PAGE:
Has the political class gone bonkers about loan waivers? And why just politicians? Everybody who is somebody, everybody who thinks they are somebody, armies of nobodies, every class—the infection has not spared anybody. It is becoming an epidemic, if it already hasn’t already become yet. Can India overcome it?
The story began when Prime Minister Narendra Modi and Bharatiya Janata Party president Amit Shah, the two men who matter in the ruling dispensation, decided to leave no stone unturned to win Assembly elections in Uttar Pradesh. The promise of farm loan waiver was one big blunder that they made (In my reckoning, they would have comfortably won even without this irresponsible pledge). It is impossible that nobody in the government knew about the depravity and danger of the promise. But the Big Two, always too clever by half, chose expedience over prudence. The rest is history.
The Rs 36,000-crore waiver spurred the farmers and their representatives elsewhere to demand similar relief. The intensity of protests grew in Maharashtra and Madhya Pradesh; in MP, there was violence that led to the killing of half a dozen people; many more were injured; property was destroyed, vehicles burnt, and normal life was disrupted.
Maharashtra Chief Minister Devendra Fadnavis yielded to the protesters, foregoing loans of Rs 30,000 crore owed by farmers with up to five acres of land by October 2016. Chief Minister Shivraj Singh Chouhan has announced a few steps. But there is no abatement in similar demands. The Congress government in Punjab is watching anxiously how the situation unfolds. There have been similar demands in the state. “We want a complete waiver [of loans],” said Bharatiya Kisan Union (BKU) president Balbir Singh Rajewal told Hindustan Times (June 12). “Our course of action will follow the government’s announcement (on debt waiver).”
It is sickening to know that politicians refuse to see the writing on the wall. Insouciant about the problems faced by the cash-strapped government it leads in Punjab, the Gujarat unit of the Congress has demanded that the government should forego agriculturists’ debt. Just to harass the state government.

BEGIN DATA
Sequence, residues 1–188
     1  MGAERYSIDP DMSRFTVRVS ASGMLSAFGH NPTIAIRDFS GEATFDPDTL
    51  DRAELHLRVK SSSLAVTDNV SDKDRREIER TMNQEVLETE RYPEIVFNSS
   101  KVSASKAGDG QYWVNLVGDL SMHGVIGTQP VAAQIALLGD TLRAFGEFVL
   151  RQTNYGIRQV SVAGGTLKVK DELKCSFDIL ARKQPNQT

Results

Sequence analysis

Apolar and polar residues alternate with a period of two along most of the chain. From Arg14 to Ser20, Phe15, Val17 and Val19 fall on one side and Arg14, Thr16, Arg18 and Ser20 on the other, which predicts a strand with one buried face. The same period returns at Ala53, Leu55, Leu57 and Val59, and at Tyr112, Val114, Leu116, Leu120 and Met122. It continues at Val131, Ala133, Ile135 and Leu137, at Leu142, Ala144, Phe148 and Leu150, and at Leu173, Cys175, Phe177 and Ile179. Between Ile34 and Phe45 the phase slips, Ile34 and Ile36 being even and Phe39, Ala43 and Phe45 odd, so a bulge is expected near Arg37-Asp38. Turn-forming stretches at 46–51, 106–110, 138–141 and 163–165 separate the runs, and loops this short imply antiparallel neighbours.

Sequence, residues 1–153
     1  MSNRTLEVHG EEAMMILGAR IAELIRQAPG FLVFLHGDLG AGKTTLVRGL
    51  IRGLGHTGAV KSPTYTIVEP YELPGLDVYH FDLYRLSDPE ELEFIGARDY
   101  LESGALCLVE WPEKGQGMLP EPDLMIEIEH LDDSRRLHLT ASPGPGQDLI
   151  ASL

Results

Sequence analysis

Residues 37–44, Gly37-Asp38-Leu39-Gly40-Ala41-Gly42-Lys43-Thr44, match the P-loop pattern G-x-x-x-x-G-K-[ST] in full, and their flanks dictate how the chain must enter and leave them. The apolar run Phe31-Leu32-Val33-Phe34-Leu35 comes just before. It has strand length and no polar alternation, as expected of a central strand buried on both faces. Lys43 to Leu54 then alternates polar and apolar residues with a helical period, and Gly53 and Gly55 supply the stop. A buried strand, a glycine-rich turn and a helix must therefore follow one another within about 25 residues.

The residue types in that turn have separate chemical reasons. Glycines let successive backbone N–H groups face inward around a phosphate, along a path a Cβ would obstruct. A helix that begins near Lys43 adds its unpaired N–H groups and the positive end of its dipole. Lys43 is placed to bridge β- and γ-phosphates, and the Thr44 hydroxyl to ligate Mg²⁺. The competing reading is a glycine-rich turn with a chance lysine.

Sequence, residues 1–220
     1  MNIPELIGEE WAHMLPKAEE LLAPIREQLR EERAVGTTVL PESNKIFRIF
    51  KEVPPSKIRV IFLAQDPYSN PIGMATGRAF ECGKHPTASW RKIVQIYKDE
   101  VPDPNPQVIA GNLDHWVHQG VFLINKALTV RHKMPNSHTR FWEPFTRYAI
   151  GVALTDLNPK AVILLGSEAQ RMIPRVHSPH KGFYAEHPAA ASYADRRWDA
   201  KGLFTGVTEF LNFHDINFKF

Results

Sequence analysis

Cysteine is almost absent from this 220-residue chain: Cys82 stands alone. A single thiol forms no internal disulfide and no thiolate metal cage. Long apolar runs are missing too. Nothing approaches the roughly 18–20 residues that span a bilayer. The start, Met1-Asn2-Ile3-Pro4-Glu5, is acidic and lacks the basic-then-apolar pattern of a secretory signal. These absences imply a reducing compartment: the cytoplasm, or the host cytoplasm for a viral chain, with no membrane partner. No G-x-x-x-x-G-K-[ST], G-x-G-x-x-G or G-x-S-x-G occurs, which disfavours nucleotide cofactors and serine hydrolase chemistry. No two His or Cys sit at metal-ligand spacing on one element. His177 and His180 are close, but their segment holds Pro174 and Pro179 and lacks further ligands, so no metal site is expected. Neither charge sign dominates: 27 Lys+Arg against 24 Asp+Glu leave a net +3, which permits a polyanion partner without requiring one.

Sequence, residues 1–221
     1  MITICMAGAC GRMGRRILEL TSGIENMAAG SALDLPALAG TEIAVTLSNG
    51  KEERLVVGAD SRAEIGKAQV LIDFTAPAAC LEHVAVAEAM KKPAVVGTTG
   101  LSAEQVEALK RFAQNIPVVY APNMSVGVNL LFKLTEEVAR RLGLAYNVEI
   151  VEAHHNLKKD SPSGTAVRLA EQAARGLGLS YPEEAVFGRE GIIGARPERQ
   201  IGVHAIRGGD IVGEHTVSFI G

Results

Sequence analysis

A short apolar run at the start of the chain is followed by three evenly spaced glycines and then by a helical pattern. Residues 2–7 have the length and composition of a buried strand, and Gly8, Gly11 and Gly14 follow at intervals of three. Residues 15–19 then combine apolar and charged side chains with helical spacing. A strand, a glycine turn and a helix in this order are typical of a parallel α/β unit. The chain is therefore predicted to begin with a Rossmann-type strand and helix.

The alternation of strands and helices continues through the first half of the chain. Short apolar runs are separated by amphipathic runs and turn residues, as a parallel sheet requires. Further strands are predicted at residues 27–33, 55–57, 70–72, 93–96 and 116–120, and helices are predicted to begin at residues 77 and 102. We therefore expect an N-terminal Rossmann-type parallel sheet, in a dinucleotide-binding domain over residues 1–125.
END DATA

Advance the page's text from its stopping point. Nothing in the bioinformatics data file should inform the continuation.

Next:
BJP leaders in Congress-ruled states, too, are unwilling to learn any lessons from the unsavory incidents in MP and Maharashtra. BJP Leader Jagdish Shettar in Karnataka wants that the state government should waive off farm loans.
Politicians are not the only ones blind to the reality. State Bank of India chairperson Arundhati Bhattacharya recently wrote to the Telecom Secretary, “The stress in the sector has reached highly unsustainable levels after the entry of new players and launch of free services, which led to erosion of EBITDA (earnings before interest, taxes, depreciation and amortization) of the telecom service providers… The data with us suggests that the total EBITDA of the telecom sector on an annualized basis is Rs 65,000 crore, which is clearly unsustainable for debt of more than Rs 4 lakh crore.“
She wants fiscal sops for the sector so that the banks like hers are protected; in effect, the taxpayer should pay for the imprudence of bankers (and of politicians who control public sector banks). She has been rightly accused of double standards, for she had criticized the UP government’s farm loan waiver in March.
Meanwhile farmers are indulging in willful default. The Times Of India (June 13) reported that they have stopped repayment of money owed to financial institutions. “Several bankers TOI spoke to confirmed that there was a rising trend of farmers refusing to clear dues, an issue that was also flagged at a meeting on Monday convened by the Finance Ministry. The total farm loans are estimated at a little under Rs 10 lakh crore.” They are unbothered by the fact that poor credit discipline creates difficulties in getting loans in the future. There is, however, no point in blaming them alone as everybody else too is determined to undermine the financial system.
Perhaps the current madness would pass soon, but it won’t be without damage. And they talk about doubling farmers’ income by 2022!